I mean the idea that the stealing of credit card numbers in restaurants is a real issue has never been demonstrated. Credit Card skimming is a problem, but compared to ID theft? And, especially, restaurant skimming is so easy to detect and with the advent of POS systems, nearly impossible to get away with on any large scale.

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I mean the idea that the stealing of credit card numbers in restaurants is a real issue has never been demonstrated.

I'm pretty sure that the actual arrest of an organized ring of credit card thieves demonstrates that this is a real issue. What's your point?

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I'm pretty sure that the actual arrest of an organized ring of credit card thieves demonstrates that this is a real issue. What's your point?

They didn't arrest the organized ring. They arrested the next-to-bottom flunkie on the chain, and the investigation seems to have gotten stuck there.

Dean's point was that the overall $$$ amount of money being stolen via skimming in restaurants is quite small, because of the reporting on the POS systems and the data trend analysis from the banks.

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They didn't arrest the organized ring. They arrested the next-to-bottom flunkie on the chain, and the investigation seems to have gotten stuck there.

Dean's point was that the overall $$$ amount of money being stolen via skimming in restaurants is quite small, because of the reporting on the POS systems and the data trend analysis from the banks.

That may well be, but I had $600-$700 charged to my Visa check card about 14 months ago, and I think it may have been the result of skimming. The charges were for Domino's Pizza and a supermarket somewhere in New York. Fortunately I was able to have the money restored to my checking account, but it was a traumatic experience, and for me represented a lot of money (more than I usually keep in that account at once). I try very hard not to use any card to pay when the card has to be taken out of my sight now.

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They didn't arrest the organized ring. They arrested the next-to-bottom flunkie on the chain, and the investigation seems to have gotten stuck there.

Sorry, that was supposed to be "members of an organized ring of ...". Just because this info is easily tracked and the perps fairly easy to identify it isn't a problem, though? Agreed that catching the bag men amounts to not much in the grand scheme of things, but further up the chain you go I bet the same folks dealing in stolen credit cards are also widely dealing in ID theft. They should have maybe held out for more info on the illustrious "G" and "Slim". From the math wizardry demonstrated by the server who got caught I'm not sure she would have been a real font of information:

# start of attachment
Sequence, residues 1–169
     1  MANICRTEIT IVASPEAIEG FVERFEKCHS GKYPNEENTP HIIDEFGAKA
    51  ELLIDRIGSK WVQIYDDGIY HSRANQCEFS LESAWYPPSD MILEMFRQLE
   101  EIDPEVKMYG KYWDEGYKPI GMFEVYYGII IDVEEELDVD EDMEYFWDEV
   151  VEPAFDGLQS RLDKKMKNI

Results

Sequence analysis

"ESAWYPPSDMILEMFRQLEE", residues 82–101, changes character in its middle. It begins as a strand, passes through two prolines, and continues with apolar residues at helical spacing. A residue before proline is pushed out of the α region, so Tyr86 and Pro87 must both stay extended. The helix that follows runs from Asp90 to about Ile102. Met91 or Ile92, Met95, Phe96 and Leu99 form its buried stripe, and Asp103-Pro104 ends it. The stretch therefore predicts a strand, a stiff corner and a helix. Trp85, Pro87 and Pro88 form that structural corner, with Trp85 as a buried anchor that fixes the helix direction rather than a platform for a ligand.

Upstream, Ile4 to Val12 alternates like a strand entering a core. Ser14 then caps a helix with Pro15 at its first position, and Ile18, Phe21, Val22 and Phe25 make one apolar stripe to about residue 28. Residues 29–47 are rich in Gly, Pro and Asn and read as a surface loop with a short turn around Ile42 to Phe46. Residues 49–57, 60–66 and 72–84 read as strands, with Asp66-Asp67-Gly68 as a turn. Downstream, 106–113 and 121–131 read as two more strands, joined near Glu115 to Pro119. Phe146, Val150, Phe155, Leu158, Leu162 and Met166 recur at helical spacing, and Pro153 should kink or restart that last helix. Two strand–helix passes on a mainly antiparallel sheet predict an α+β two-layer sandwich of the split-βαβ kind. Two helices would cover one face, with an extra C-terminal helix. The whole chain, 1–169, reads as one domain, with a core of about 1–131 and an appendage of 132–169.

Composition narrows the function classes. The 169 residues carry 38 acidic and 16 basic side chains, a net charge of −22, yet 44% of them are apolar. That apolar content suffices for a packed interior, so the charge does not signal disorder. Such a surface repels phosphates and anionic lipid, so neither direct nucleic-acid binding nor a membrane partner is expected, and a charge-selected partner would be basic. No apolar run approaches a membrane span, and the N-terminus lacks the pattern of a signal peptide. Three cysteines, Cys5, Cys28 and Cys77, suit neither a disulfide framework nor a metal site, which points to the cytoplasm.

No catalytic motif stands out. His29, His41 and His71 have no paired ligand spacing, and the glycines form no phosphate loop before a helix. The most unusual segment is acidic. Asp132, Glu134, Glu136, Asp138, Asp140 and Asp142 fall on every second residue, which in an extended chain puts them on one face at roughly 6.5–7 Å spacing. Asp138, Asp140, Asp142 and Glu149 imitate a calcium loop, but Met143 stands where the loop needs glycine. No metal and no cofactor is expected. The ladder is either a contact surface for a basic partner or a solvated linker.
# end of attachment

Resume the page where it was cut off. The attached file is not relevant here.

Ward was supposed to be paid $40 per stolen card, and the other servers told investigators that Ward recruited them and paid them $25 for each stolen number.

:lol:

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I'm pretty sure that the actual arrest of an organized ring of credit card thieves demonstrates that this is a real issue. What's your point?

IN all the reading I have done on credit card scams, skimming is most prevalent on ATM machines with gas stations second. I have never read an article on this. I too fell prey to a skimming scam at a gas station in Italy and 4 weeks later over 1,000 was charged in Vicenza. I was stuck back at work at Whole Foods and my freaking credit card was on vacation in Vincenza!

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Interesting article on point, albeit somewhat dated.

Please note they publish a magazine designed for restaurant operators who would be potential buyers of hand held self scanning devices that retail for something like $2000 a pop. Again, there is more rish of your data being stolen directly from the POS and so there are issues with compliance and record keeping that restaurants have to do. The most common ways having your identity stolen are alrge scale theft adn not retail, single transactions.

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I mean the idea that the stealing of credit card numbers in restaurants is a real issue has never been demonstrated. Credit Card skimming is a problem, but compared to ID theft? And, especially, restaurant skimming is so easy to detect and with the advent of POS systems, nearly impossible to get away with on any large scale.

The take looks to be in the millions in this credit card scam in New York. It must be special to have such high monthly credit card bills that you could fail to notice that someone has purchased a Roy Lichtenstein lithograph of Marilyn Monroe on your account.